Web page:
1.1.3.1 Markets by Sector 11

1.1.3.2 Markets by Application 11

1.1.3.3 Sizes of Market Sectors Potentially Available to Phytoremediation 11

1.2 Global 12

1.3 Mining in Latin America and Phytoremediation Possibilities 16

Acknowledgements 23

References 23

2 Sustainable Valorization of Biomass: From Assisted Phytoremediation to Green Energy Production 29
Martina Grifoni, Francesca Pedron, Meri Barbafieri, Irene Rosellini, Gianniantonio Petruzzelli and Elisabetta Franchi

2.1 Introduction 29

2.2 Bioenergy: The Role of Biomass 30

2.3 Assisted Phytoremediation: Valorization of Biomass 33

2.4 Assisted Phytoremediation-Bioenergy: An Integrated Approach 37

2.5 Conclusions 43

References 44

Part II Biochar-Based Soil and Water Remediation 53

3 Biochar - Production, Properties, and Service to Environmental Protection against Toxic Metals 55
Monika GaBwa-Widera

3.1 Introduction 55

3.2 How to Produce Biochar 55

3.3 Biochar Properties 57

3.4 Biochar in the Service of Environmental Protection 59

3.5 Soil Characteristics 59

3.6 Environmental Hazards Caused by Heavy Metals 60

3.7 Characteristics of Selected Heavy Metals 62

3.8 Zinc 64

3.9 Copper 64

3.10 Lead 65

3.11 Cadmium 66

3.12 Soil Pollution 67

3.13 What is Remediation and What is it for? 68

3.14 Improving Soil Properties 69

3.15 Removal of Impurities 69

3.16 The Addition of Biochar to Contaminated Soils may be Such a Solution 70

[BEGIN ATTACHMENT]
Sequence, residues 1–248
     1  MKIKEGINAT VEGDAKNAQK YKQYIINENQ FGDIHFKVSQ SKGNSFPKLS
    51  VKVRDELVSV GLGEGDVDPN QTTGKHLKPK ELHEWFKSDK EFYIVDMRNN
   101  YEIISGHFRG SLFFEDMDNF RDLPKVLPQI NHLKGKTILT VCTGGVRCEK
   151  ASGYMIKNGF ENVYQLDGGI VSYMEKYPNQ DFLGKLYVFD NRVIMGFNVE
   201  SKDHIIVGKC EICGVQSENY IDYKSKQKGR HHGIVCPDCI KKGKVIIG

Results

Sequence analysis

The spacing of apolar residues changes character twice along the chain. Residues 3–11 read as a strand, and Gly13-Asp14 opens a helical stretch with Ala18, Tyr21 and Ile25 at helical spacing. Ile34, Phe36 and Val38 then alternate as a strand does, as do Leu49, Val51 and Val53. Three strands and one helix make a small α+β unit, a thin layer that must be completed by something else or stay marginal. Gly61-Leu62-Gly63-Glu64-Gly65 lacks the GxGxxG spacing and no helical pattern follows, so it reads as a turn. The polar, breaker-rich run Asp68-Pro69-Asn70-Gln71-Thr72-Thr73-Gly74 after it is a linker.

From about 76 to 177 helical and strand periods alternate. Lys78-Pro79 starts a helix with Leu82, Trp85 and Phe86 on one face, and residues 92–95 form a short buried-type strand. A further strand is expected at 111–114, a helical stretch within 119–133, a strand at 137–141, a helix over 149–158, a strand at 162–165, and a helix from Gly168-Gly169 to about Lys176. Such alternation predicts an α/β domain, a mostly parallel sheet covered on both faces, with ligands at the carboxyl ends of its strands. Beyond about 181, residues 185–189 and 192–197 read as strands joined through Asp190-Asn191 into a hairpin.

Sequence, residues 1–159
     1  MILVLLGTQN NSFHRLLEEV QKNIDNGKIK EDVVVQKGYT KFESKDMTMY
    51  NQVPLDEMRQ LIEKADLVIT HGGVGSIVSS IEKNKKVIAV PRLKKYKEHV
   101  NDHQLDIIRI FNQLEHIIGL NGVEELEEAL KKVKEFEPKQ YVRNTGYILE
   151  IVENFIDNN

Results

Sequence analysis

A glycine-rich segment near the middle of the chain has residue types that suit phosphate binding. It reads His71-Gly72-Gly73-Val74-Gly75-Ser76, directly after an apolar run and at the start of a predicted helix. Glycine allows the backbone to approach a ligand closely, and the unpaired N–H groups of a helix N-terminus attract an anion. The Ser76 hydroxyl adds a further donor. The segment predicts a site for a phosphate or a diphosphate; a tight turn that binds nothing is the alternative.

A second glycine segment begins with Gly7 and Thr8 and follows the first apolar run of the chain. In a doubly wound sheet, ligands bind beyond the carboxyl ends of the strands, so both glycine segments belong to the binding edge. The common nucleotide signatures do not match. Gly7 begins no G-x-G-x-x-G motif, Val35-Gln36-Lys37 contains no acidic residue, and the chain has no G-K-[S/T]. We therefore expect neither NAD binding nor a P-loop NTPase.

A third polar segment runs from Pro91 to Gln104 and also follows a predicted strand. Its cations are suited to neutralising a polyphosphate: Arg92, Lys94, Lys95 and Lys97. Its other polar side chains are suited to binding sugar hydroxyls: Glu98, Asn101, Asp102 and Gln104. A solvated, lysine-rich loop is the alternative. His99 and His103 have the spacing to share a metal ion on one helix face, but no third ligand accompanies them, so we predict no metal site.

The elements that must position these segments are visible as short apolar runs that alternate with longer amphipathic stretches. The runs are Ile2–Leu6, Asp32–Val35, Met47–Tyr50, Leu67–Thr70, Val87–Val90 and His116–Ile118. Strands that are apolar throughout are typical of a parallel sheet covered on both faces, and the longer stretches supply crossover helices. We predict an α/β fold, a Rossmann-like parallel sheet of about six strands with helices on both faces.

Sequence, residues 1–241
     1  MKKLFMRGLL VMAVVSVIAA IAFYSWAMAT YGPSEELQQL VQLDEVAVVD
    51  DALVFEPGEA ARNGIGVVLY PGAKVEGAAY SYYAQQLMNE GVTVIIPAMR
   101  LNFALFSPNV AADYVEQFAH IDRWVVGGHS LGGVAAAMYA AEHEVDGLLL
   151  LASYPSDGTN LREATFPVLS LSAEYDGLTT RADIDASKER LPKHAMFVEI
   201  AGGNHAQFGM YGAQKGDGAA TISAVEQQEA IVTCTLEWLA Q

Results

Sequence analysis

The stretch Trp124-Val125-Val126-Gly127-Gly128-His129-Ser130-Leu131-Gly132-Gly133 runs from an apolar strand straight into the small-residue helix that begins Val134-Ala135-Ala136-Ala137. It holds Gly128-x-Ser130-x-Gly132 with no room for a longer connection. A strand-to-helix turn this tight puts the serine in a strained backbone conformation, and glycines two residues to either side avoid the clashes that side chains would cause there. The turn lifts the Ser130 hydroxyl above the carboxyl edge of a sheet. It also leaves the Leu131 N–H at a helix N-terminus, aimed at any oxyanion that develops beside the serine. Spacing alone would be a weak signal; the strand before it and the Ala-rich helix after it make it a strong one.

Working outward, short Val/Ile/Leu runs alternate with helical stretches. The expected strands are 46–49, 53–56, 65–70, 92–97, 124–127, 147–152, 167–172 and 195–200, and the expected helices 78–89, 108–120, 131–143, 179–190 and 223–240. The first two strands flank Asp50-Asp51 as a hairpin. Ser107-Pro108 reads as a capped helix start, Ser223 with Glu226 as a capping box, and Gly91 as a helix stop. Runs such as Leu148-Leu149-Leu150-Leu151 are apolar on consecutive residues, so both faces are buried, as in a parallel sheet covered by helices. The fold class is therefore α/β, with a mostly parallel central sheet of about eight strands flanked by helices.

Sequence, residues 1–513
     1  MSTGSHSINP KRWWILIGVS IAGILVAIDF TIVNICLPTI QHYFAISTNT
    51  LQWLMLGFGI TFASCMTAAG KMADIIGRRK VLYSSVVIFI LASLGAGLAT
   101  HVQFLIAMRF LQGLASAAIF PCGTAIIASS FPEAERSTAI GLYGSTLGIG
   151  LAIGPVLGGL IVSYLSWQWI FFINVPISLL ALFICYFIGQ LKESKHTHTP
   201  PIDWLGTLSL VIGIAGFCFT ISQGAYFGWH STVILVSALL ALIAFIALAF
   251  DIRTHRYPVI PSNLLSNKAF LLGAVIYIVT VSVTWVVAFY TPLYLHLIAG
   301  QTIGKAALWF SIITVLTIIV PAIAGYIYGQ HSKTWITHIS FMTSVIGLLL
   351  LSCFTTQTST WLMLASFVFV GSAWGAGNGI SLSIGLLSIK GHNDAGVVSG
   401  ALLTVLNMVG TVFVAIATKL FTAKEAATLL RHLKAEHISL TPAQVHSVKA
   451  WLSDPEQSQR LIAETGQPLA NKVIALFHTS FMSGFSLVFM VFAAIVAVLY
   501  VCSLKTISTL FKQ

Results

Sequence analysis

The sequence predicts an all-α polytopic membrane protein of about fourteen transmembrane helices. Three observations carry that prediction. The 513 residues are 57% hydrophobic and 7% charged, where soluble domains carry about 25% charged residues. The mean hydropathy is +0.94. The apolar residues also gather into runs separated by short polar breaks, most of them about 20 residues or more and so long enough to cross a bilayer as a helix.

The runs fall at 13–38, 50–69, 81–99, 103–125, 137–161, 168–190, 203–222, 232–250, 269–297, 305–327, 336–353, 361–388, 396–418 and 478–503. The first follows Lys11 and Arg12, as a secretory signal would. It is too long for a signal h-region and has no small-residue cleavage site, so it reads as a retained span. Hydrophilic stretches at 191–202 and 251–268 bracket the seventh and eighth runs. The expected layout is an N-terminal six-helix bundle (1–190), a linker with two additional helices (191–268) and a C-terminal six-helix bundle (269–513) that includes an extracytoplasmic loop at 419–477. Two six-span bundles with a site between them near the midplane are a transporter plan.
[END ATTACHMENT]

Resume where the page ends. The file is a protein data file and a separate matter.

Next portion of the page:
3.17 Summary 72

References 73

4 Biochar-based Water Treatment Systems for Clean Water Provision 77
Dwiwahju Sasongko, David Gunawan and Antonius Indarto

4.1 Introduction 77

4.2 Synthesis of Biochar 77

4.2.1 Pyrolysis Process 77

4.2.2 Pyrolysis Technology 78

4.3 Biochar Properties 80

4.3.1 Biochar Surface Chemistry 80

4.3.2 Pyrolysis Effect on Chemical Properties of Biochar 81

4.3.3 Pyrolysis Effect on Physical Properties of Biochar 81

4.4 Mechanism of Adsorption 82

4.4.1 Heavy Metal Removal Mechanism 82

4.4.2 Organic Contaminants Removal Mechanism 82

4.4.3 Pathogenic Organism Removal Mechanism 83

4.5 Factors Affecting Adsorption of Contaminants on Biochar 84

4.5.1 Biochar Properties 84

4.5.2 Post Treatment or Modification 85

4.5.3 Solution pH 87

4.5.4 Co-existed Ions 87

4.5.5 Dosage of Adsorbents 87

4.5.6 Temperature 87

4.5.7 Contact Time 87

4.5.8 Initial Concentration of Pollutants 88

4.6 Biochar-Based Water Treatment Systems 88

4.6.1 Biochar Supply 88

4.6.2 Biochar Use 89

4.6.3 Regeneration 90

4.6.3.1 Thermal Regeneration 90

4.6.3.2 Solvent Regeneration 93

4.6.3.3 Microwave Irradiation Regeneration 94

4.6.4 Supercritical Fluid Regeneration 94

4.6.5 Sustainability of Biochar Utilization 95

References 95

5 Biochar for Wastewater Treatment 103
Anna Kwarciak-KozBowska and Renata WBodarczyk

5.1 Biochar Production and Its Characteristics 103

5.2 Modification of Biochar 105

5.3 Comparison of Biochar with Activated Carbon 105

5.4 Biochar Adsorption Mechanism 106

5.5 Adsorption Kinetics of Aqueous-Phase Organic Compounds 108